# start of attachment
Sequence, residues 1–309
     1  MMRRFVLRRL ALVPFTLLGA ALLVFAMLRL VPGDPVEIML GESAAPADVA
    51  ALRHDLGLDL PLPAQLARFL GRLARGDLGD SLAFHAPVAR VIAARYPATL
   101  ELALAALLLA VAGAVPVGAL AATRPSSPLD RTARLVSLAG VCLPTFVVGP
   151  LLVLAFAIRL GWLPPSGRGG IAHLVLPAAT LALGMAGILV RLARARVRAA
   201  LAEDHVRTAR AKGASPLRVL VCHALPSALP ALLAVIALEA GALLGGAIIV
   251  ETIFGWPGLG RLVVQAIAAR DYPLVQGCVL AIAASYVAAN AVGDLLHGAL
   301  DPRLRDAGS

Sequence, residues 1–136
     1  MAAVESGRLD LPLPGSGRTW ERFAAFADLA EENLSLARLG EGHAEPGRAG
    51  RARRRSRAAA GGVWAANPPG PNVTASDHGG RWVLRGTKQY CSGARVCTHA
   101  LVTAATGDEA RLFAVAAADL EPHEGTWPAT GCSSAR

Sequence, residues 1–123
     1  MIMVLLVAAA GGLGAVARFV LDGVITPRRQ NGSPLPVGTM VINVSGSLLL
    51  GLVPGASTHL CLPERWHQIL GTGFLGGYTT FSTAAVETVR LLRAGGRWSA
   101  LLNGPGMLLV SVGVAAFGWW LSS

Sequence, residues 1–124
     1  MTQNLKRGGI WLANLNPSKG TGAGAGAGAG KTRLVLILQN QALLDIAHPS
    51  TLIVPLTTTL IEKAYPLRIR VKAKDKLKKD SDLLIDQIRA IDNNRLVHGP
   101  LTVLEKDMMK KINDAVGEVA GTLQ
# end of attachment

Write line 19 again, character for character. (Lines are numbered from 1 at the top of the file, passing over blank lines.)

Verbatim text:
    51  TLIVPLTTTL IEKAYPLRIR VKAKDKLKKD SDLLIDQIRA IDNNRLVHGP